My Travel Blog

What the French REALLY Think About Americans

We cruised down the Canal de Saint Quentin taking our time.  Our scheduled passage through the six-kilometer (3.6 mile) Riqueval Tunnel was not until tomorrow morning.  The weather was still overcast with light showers, but our new pilothouse was keeping us warm and cozy.  On both sides of the canal the scenery was typical French countryside… so, absolutely spectacular.

Rabelo reflected on the mirror smooth canal.

Wow, did we get lucky today.  We were parked just before the tunnel by the little village of Le Champ Luseaux.  Lisa and our friends Bruce and Tess went for a walk.  I’m not sure whom they ran into, but he told them there was a big party in town at 5:30 that afternoon.

We went to see what the excitement was all about, and were we surprised.  People ask me, “What do the French think of the Americans?”  If a picture is worth a thousand words then take a look at the following.

Note the position of the American flag on the city hall verses the French flag.

More American flags.

That’s right, American flags were everywhere.  There was even one in the place of honor on the city hall.  You might want to take note that it is above the French flag.  And the reason for all those flags, well the people of Le Champ Luseaux were celebrating our Memorial Day.  That’s right, every year this tiny little village recognizes the sacrifices American soldiers made so that they could be free by celebrating the American Memorial day.  They played American music over the loudspeaker system from both WWI and WWII.  They brought in various types of American WWII military vehicles, and they even had an American style BBQ with the closest thing the French have to hotdogs.  The town mayor gave a speech, and the kids from the local elementary school sang.  I’ll admit they served champagne rather than beer, but hey, they’re French.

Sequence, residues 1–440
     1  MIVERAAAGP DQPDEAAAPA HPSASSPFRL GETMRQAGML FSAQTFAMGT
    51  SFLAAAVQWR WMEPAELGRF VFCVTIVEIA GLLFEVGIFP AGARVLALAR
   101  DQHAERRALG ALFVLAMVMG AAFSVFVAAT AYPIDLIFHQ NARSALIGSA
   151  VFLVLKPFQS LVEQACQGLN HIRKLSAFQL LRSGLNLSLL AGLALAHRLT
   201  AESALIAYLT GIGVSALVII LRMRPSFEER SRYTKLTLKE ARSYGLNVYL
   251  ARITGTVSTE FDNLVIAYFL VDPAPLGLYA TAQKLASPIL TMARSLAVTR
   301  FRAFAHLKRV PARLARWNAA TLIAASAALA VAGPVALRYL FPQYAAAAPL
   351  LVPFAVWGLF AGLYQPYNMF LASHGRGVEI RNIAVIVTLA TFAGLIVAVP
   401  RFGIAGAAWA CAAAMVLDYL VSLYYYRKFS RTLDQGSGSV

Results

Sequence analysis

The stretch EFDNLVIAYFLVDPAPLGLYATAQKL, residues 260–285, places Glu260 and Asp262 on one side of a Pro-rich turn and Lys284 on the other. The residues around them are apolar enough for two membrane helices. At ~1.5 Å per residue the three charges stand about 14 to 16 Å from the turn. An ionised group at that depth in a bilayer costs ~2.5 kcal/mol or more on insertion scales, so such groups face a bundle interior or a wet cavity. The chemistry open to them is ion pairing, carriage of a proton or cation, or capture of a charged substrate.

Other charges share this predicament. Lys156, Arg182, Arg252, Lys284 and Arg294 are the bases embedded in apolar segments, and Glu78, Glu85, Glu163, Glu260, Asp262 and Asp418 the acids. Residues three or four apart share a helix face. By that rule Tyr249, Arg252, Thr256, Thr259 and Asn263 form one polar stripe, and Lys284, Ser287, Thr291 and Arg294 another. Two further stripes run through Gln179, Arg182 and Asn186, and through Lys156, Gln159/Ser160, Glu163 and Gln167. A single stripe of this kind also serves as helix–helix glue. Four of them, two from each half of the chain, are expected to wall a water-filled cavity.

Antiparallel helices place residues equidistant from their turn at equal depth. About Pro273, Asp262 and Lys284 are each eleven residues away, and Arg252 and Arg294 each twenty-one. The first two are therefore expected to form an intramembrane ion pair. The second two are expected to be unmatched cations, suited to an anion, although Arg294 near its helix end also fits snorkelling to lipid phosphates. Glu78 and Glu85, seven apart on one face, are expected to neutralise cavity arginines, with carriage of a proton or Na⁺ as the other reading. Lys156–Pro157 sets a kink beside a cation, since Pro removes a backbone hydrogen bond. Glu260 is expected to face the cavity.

Our friends Bruce and Tess joined us in an old U.S. jeep.

School kids singing American war tunes. Note the U.S. Officer in charge of American war memorials in France standing next to the mayor.

This French soldier looked serious.

Apparently there had been an even more elaborate ceremony at the American cemetery a few miles away in Bony.  We were told that during WWI the Germans had erected the Hindenburg Line that went through the area.  It was supposedly a line of defensive positions that could not be broken.  The British and French had been fighting the Germans, and were basically worn out.  It was not until the Americans came in with their men and equipment that the line was broken.  It was said that the breaking of the Hindenburg Line was the beginning of the end for the Germans.

More French dignitaries.

Lisa and Tess with a French nurse dressed in uniform.

Watching these people remembering our departed soldiers was an incredibly emotional experience.  It made each and everyone of us feel damn proud to be an American.  It was a Memorial Day celebration we will never forget.  Please don’t forget that we owe a debt of thanks to our veterans.  They deserve our gratitude, and the best care available.

-Tom Miller
Author of “The Wave”  and “When Stones Speak”– 
Chuck Palmer Adventure novels


About the Author:

Tom Miller graduated from the University of Southern California with a Bachelor of Science in Geology. He is a consummate adventurer with over 1,000 dives as a recreational scuba diver, and an avid sailor who has traveled 65,000 miles throughout the Pacific including the Hawaiian Islands. Miller has also cruised the canals of Europe on his canal barge and given numerous lectures on cruising the canals of Europe, as well as sailing in the South Pacific. Piloting is also an interest of Miller's, and He has completed over 1,000 hours flying everything from small Cessnas to Lear jets.